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Five disgusting things you need to know about ticks


Ticks can cause a number of serious health problems for you and your pet. They can also be difficult to spot and remove. Dr. Michael Dryden, a professor of veterinary parasitology at Kansas State University, sat down with radio host Steve Dale of Steve Dale’s Pet World to talk about the dangers ticks pose, and how to prevent them. (Watch the video of the interview above.)


Storm is a healthy, special-needs Retriever mix at Jersey Animal Coalition, Inc. in South Orange, NJ.

Here are some tick facts every pet parent needs to know:

  1. Ticks can infect you and your pet with serious, possibly deadly illnesses. According to Dr. Dryden, ticks are the No. 1 disease vector in the U.S. They carry Lyme disease, Rocky Mountain spotted fever and many other serious illnesses.
  2. Tick populations are growing across the U.S. The past several years have seen a spike in the tick population. The spread of white-tailed deer (a tick carrier), climate change and changes in agricultural practices have all contributed.
  3. Cats are at risk too. Indoor-outdoor cats can catch cytauxzoonosis, a disease which is most often fatal, from ticks. For this and many other reasons, it’s best to keep cats indoors. If your cat has access to an outdoor enclosure or takes harnessed walks with you, talk to your vet about protecting him from ticks.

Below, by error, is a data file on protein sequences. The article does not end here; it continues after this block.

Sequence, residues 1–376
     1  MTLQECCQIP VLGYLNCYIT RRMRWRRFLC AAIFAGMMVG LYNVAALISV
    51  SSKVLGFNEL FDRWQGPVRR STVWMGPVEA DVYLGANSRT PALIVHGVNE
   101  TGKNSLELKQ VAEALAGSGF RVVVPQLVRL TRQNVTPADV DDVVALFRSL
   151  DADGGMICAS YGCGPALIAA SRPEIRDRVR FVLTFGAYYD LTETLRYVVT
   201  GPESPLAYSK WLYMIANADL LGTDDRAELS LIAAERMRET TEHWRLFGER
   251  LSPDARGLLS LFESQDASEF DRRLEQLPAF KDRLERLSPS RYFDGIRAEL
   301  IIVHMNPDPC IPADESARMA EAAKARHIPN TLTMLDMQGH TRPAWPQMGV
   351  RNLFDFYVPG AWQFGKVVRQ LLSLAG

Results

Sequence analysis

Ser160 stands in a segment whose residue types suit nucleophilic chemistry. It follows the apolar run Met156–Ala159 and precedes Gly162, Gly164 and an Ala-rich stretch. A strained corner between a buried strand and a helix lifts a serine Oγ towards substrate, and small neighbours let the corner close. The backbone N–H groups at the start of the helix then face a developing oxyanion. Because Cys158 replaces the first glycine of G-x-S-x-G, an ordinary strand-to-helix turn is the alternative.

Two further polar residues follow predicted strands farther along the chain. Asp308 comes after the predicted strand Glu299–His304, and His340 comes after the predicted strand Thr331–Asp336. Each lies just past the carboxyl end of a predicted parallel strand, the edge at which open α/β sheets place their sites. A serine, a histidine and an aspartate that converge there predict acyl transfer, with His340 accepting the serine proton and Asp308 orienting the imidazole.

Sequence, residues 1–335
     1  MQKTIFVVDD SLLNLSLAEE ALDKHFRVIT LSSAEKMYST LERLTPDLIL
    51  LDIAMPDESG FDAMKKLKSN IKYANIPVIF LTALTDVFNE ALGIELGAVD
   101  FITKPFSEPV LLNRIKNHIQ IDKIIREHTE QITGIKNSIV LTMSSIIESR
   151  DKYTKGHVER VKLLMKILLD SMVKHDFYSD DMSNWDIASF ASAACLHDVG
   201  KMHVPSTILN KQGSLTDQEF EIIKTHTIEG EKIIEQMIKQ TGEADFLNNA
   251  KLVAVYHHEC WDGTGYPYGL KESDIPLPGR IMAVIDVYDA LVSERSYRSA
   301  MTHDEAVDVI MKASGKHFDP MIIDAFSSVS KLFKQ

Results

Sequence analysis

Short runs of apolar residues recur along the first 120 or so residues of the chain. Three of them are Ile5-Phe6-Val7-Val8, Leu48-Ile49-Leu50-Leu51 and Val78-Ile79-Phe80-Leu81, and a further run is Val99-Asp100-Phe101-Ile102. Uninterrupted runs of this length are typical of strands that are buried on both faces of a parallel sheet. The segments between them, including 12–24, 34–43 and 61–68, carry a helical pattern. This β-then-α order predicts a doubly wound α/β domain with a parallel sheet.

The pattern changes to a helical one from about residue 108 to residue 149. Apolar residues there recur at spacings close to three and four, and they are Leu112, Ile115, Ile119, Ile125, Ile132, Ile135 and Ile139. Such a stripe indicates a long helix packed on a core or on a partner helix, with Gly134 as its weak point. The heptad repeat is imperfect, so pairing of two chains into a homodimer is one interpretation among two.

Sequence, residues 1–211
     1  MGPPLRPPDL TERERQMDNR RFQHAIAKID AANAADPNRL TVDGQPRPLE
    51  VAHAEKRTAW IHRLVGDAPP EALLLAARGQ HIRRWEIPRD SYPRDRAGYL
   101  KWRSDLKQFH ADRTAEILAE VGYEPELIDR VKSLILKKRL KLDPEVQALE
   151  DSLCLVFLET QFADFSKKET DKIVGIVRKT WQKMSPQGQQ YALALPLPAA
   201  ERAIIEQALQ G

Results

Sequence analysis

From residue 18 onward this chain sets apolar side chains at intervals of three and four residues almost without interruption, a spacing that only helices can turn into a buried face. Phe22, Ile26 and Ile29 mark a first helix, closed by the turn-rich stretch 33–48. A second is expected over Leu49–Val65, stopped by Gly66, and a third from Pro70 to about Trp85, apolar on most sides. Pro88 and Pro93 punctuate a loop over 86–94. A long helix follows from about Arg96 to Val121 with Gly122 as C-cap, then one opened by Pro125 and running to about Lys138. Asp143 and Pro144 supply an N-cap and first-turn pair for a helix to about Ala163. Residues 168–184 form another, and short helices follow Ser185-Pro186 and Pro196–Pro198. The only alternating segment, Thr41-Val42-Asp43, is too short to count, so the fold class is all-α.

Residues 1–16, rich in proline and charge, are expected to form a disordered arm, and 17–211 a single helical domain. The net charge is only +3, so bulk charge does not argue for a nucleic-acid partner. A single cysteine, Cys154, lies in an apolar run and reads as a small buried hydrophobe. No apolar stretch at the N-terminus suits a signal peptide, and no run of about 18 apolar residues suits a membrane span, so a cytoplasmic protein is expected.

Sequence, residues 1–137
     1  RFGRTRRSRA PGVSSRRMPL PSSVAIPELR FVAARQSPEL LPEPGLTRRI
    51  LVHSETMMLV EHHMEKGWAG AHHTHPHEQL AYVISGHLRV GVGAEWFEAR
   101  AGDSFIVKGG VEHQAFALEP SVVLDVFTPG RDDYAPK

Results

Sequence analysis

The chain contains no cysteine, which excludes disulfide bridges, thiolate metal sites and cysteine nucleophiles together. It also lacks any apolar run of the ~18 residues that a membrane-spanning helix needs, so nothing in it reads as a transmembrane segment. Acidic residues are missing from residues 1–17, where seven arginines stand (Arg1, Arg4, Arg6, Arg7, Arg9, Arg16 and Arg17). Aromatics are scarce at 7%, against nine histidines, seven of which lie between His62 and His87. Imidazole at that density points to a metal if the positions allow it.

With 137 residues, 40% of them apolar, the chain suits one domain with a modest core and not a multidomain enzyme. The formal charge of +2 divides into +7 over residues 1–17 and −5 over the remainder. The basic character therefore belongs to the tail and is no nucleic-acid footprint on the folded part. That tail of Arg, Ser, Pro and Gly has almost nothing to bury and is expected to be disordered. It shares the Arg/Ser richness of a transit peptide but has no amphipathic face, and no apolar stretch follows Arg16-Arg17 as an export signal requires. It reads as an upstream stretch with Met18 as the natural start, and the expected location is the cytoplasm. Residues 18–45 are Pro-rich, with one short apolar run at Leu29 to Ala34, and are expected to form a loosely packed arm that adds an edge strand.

4. Different tick species live in different regions. “There are at least nine different tick species in North America that routinely get on dogs and cats,” Dr. Dryden says. “You have to talk to your veterinarian and ask: What ticks [is your pet] going to be exposed to? What disease are they going to be exposed to? And what product is going to be most effective?”
  5. Ticks can do harm when you least expect it. Even if you’re not seeing ticks, they can still pose a threat — so be sure to talk to your vet long before “tick season” starts. Because vets see a large number of pets in your region, Dr. Dryden says, “your veterinarian is going to pick up that ticks are active long before you may.”

Tell us: Have you ever taken a tick off of your dog or cat?

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